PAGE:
Americans increased their borrowing in December at the slowest pace in eight months, additional evidence that economic activity was slowing significantly at the end of last year. For all of 2007, consumer credit rose at the fastest clip in three years.
The Federal Reserve reported Thursday that consumer borrowing rose at an annual rate of 2.1 percent in December, a sharp slowdown from an 8.2 percent jump in November. It was the weakest showing since credit had increased just 1.6 percent in April.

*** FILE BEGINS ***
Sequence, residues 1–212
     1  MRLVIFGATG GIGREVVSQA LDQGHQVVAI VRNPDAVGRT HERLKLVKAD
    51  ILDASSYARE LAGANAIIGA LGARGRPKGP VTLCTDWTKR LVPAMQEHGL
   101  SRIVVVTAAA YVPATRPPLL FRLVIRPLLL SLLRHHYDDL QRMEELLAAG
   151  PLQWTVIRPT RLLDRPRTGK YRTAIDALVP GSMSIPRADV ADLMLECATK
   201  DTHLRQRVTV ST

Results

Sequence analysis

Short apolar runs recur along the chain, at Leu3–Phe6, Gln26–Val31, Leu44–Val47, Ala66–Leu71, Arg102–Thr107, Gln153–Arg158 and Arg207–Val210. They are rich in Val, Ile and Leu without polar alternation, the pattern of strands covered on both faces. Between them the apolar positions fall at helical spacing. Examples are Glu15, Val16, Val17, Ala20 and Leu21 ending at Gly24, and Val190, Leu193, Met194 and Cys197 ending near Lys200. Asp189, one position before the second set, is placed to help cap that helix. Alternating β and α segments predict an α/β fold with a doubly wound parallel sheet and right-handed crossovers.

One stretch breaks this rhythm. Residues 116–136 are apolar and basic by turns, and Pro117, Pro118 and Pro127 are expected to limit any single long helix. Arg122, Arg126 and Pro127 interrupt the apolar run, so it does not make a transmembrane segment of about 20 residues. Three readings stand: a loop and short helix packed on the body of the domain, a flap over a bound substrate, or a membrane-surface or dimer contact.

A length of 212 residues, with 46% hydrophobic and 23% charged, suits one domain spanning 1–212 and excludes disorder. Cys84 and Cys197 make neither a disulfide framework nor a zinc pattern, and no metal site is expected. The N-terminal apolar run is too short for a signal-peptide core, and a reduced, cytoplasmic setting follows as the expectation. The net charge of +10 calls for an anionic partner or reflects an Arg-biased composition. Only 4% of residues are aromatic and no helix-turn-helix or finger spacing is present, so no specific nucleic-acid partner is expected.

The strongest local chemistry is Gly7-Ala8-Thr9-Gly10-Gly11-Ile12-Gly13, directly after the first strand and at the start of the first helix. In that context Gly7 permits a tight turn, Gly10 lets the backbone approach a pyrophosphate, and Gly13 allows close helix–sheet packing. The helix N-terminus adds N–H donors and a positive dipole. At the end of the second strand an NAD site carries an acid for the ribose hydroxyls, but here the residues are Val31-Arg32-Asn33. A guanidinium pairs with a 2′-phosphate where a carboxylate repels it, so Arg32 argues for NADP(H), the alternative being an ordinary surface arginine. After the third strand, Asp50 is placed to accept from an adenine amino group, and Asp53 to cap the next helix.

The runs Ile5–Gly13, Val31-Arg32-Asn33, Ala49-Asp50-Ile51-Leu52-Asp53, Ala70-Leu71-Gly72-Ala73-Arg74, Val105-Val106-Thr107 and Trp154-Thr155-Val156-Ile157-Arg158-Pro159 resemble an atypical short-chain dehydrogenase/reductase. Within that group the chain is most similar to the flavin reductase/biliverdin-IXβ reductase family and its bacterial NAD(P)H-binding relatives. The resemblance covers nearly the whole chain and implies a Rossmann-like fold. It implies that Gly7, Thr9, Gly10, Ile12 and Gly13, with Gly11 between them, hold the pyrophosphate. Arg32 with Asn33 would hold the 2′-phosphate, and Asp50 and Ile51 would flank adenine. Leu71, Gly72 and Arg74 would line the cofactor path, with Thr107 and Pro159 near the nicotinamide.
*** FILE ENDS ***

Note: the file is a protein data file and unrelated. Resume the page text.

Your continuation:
The gain was about half of what economists had been expecting. They had forecast that total credit would rise by $8 billion and instead it increased by $4.5 billion to $2.52 trillion.
The report on consumer borrowing was the latest evidence that economic activity was slowing at the end of last year as households were struggling with a prolonged slump in housing and a severe credit squeeze which has prompted banks to tighten their lending standards.